Some 600,000 international travelers are crowding into the excited streets of Brazil to experience the 2014 World Cup. The highly anticipated month-long tournament kicks off today with a game between Croatia and Brazil. As festivities unfold throughout the day, TIME will be updating FIFA fans at home with photos capturing the action both on and off the field
From tree huggers to hippopotamus teeth, here's a handful of photos to get your weekend started right
From Mrs. Doubtfire to Goodfellas, see which stellar films started out on a bookshelf
The app added 10 features that will give smartphone photographs a more professional look
Instagram added a slew of new editing features Tuesday that go beyond the scope of an ordinary filter, giving photos taken on your humble smartphone a professional veneer.
With a new update, phone photographers will be able to edit their photos to incrementally alter brightness, saturation, contrast, warmth, shadows, sharpness, filter strength, and more.
Instagram’s blog explains the specifics of how to use the tools, which are unlocked when you tap a wrench icon that appears at the point of filter selection.
“All of us [at Instagram] are kind of photo geeks, but we’re trying to bridge the gap between being a photo geek and the rest of the world,” Peter Deng, director of product at Instagram, told Mashable of the new tools, which have been in the works for just under six months. “Instagram’s always been about taking these tools that were previously inaccessible … and making them accessible for free for everyone that uses Instagram.”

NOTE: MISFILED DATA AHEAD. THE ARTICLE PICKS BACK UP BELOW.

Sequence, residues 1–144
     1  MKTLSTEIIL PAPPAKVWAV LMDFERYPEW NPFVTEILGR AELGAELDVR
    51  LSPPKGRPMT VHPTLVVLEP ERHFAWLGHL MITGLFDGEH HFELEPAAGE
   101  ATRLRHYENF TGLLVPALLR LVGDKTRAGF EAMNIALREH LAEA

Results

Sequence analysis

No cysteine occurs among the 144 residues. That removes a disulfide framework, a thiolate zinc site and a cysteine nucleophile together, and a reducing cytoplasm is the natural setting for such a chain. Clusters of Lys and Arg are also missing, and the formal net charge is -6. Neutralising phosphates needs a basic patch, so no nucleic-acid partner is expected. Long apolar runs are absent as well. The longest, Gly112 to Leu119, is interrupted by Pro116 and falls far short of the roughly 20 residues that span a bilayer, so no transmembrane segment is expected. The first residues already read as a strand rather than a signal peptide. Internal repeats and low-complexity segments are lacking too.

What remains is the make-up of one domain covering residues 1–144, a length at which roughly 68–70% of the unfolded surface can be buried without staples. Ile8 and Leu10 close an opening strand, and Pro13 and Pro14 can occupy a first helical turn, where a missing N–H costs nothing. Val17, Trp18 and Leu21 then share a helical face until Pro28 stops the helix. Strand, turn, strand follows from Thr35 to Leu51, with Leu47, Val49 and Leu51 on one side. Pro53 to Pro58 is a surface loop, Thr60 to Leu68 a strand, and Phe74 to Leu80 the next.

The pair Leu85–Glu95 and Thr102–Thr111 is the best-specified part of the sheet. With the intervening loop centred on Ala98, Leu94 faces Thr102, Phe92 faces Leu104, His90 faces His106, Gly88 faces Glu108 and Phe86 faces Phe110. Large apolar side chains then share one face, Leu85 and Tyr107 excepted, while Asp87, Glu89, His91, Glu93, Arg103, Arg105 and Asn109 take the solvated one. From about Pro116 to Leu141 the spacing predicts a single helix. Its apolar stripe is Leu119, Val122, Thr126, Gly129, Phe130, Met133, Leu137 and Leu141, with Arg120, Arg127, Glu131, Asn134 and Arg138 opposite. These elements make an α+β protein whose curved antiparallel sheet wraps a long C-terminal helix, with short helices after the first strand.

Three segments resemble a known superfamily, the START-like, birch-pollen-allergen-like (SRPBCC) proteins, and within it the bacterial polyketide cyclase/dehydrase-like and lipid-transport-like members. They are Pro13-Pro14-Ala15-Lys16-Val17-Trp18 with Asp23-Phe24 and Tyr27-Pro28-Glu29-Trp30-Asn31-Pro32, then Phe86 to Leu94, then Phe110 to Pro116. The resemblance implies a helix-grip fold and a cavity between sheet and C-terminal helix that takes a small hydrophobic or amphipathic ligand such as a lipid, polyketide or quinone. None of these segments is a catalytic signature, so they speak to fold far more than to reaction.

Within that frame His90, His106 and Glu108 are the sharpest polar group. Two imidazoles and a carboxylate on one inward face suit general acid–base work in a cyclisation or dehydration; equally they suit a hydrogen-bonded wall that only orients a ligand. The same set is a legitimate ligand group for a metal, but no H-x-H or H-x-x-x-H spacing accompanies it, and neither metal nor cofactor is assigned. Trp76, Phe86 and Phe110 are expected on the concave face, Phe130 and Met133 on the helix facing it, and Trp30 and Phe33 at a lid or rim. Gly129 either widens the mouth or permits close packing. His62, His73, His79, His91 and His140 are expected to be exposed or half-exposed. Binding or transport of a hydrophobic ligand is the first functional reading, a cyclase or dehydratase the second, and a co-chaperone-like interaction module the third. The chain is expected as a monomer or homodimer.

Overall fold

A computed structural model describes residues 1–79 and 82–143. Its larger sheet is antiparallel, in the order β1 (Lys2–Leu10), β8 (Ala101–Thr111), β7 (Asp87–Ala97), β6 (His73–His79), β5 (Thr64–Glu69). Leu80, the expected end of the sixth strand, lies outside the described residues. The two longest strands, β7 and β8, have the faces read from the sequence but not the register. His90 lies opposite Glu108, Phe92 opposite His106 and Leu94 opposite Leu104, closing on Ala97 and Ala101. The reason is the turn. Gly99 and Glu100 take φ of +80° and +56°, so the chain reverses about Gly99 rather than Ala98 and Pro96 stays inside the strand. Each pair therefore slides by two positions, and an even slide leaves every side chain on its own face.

Once the most popular social network on earth, Myspace has sunk to new lows to lure you back
Like an obsessive ex who just can’t let go, Myspace is sending emails to people who haven’t logged in since the aughts to remind them of the good old days. And like anyone who pines for the past —the social network had more than 300 million users (70 million of them in the U.S.) in its heydey — Myspace hasn’t forgotten a single moment you spent together.
First of all, it kept your pictures (shudder), all 15 billion of them. Remember that time you and your best friend wore matching Fall Out Boy crop tops and took mirror selfies? So does Myspace. To help refresh your memory, it’s been including a snap or two in emails begging folks to give it one more chance. You’ll have to log back in to get a better look at photos from your ill-spent youth and delete them.
Myspace isn’t just trying to win you back by assaulting you with nostalgia, though. It’s changed and grown too. Really. The site that Rupert Murdoch famously paid $580 million for back in 2005, then dumped in 2011 for a paltry $35 million, is now partly-owned by Justin Timberlake. Claiming the world’s largest digital music library, it feels more like Spotify or Pandora than its one-time rival Facebook.
That’s great and all, but the vintage pics need to go, ASAP.